An ongoing study by a team of researchers from the Indian Institute of Science (IISc) has indicated that Bengaluru will soon face a huge water crisis. The study that is likely to be out soon says that if no immediate steps are taken, the city will go dry.
Prof T V Ramachandra from the Centre of Energy and Wetlands Research Group at the IISc said that despite floods in July 2016, the city is set to experience water crisis because of improper planning and ineffective implementation of the existing policies.
The Cauvery water dispute with the neighbouring Tamil Nadu will also have a bearing on the city’s water needs because of increasing dependence on piped water. This apart, the study points out that wastage due to leakages and indiscriminate use by people is also adding to the growing problem.
Prof Ramachandra said that Bengaluru annually receives 750- 800 mm rainfall while the city lakes can hold only 35 tmcft. “At least 98% water bodies in the city are encroached upon,’’ he said. Of the 35 tmcft water stored in the city lakes, 90% is sewage-fed water, the study points.
The Bangalore Water Supply and Sewerage Board (BWSSB) supplies 1400 mld everyday from Cauvery river. There are 9.15 lakh connections in the city. Their estimate shows that 1.4 lakh consumers should install rain water harvesting systems, but only 62,000 have it. BWSSB is yet to reach out to 110 villages in the CMC and TMC areas.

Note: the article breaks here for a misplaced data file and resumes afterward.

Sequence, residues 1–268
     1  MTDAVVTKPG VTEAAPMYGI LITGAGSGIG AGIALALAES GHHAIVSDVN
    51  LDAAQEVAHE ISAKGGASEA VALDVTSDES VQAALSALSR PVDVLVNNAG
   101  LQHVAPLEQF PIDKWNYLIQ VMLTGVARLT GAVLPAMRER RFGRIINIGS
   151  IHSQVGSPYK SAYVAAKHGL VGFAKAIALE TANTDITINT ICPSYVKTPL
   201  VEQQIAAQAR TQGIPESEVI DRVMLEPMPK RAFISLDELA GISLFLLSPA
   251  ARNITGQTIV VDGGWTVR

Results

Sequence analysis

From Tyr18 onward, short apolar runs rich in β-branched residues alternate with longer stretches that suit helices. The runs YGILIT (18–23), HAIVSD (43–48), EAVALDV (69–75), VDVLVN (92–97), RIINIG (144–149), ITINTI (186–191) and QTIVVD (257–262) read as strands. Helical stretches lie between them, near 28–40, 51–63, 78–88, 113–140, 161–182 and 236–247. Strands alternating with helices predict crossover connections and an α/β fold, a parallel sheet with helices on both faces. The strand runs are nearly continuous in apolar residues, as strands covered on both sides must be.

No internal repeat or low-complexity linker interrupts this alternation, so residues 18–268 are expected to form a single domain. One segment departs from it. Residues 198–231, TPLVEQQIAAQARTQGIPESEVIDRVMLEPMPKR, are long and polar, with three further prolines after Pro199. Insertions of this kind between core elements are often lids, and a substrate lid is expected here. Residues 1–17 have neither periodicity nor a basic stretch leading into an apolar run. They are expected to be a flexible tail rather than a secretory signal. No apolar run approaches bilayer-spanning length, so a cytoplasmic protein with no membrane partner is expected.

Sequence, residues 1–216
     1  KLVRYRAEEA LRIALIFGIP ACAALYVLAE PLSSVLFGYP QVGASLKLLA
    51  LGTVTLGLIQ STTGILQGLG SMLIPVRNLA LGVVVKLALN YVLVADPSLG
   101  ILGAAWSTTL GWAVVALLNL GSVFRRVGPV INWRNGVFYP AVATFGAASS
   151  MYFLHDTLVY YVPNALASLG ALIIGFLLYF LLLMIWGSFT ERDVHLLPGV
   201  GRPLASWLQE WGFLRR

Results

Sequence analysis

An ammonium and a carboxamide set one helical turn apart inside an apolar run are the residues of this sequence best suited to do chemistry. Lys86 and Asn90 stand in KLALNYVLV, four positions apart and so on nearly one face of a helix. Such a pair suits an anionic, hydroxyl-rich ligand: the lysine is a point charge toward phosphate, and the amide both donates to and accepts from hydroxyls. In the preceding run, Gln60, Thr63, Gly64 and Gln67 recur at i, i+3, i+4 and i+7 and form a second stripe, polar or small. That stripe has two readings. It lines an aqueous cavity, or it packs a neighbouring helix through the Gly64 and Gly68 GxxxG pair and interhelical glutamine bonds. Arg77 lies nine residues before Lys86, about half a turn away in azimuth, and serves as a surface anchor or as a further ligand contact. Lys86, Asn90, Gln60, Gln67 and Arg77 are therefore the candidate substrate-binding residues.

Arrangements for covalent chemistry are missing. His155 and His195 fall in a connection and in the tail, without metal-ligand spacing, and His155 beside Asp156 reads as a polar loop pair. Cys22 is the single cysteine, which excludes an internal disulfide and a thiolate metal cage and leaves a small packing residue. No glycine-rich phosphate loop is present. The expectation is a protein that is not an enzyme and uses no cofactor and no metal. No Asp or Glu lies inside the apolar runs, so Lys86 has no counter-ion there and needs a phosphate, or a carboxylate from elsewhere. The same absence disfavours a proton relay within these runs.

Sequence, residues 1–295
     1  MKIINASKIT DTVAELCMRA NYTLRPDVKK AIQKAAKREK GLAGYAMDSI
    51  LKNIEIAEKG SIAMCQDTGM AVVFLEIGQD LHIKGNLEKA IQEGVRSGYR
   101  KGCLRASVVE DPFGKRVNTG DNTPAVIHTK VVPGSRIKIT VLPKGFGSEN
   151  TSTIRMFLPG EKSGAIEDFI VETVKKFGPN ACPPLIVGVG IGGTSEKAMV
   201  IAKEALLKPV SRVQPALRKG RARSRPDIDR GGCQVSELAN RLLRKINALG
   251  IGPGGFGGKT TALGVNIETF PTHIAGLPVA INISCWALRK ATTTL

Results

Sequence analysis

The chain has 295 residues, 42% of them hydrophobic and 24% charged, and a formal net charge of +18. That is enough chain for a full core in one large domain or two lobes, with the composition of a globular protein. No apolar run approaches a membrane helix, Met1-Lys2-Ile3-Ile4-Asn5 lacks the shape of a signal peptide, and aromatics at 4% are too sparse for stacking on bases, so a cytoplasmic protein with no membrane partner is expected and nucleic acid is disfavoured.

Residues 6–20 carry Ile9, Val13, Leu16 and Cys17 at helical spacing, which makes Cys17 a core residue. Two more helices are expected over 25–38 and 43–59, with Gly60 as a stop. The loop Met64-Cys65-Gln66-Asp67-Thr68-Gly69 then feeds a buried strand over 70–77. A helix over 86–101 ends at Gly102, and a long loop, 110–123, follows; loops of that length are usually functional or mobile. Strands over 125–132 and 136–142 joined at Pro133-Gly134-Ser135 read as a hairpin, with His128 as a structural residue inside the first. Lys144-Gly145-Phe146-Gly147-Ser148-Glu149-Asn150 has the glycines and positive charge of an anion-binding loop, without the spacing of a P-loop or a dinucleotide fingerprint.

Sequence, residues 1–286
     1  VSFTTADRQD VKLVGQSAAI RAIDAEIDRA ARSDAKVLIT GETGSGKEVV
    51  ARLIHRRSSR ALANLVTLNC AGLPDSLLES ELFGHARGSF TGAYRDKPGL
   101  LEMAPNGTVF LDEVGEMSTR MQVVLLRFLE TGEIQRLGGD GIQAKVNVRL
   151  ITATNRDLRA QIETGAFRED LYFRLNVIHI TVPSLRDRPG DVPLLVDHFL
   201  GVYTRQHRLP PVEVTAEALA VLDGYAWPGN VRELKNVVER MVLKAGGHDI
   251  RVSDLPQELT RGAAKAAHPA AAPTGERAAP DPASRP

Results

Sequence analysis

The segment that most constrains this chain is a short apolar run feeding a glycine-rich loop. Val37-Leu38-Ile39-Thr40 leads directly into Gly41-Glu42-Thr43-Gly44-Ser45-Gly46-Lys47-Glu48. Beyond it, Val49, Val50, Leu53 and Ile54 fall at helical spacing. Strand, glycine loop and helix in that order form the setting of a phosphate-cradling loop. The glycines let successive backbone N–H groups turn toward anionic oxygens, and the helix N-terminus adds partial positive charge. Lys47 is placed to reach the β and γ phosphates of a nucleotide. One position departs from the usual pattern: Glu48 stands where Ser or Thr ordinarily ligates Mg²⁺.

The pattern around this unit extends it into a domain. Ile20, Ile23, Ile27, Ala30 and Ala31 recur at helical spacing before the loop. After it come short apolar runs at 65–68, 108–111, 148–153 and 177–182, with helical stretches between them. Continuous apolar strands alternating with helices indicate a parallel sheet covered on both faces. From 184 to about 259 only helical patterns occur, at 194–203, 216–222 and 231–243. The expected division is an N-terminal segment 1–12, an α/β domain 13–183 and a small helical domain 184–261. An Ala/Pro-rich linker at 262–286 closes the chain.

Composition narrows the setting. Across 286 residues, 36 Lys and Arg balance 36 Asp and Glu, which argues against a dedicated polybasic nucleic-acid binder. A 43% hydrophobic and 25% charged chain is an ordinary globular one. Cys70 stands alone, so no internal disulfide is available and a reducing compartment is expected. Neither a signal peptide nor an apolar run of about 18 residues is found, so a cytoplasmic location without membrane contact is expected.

The study also pointed out that Bengaluru generates 15 tmcft sewage water daily. Of the water used by Bengalureans, 70% is wasted and joins sewage lines and the rest is lost by various means like evaporation, leakage and others, the ongoing study by the team revealed.
The study also touches upon the water quality of most of lakes, revealing that they are highly polluted. Over 79% of city lakes fall under Class E category (for irrigation, industrial cooling, controlled waste disposal) and 29% lakes fall under Class D and E (can be used for wildlife and fisheries). The research team also showed that there has been an 88% loss in green cover in the city, a 79% loss in water bodies, a 925% increase in concrete land from 1970 to 2006 and over 75% of city land has paved surfaces.
“Unless water is used judiciously, rain water harvesting strictly implemented, inter-connectivity of lakes and drains restored, there will be severe water crisis, especially in the backdrop of less rainfall in the Cauvery basin. There is also a need to treat and recycle sewage water,” Prof Ramachandra explained.
City has lost 79% water bodies.
There is 925% increase in concretisation
75% of city land paved
98% lakes encroached upon
90% lakes are sewage-fed
Credit Deccan Herald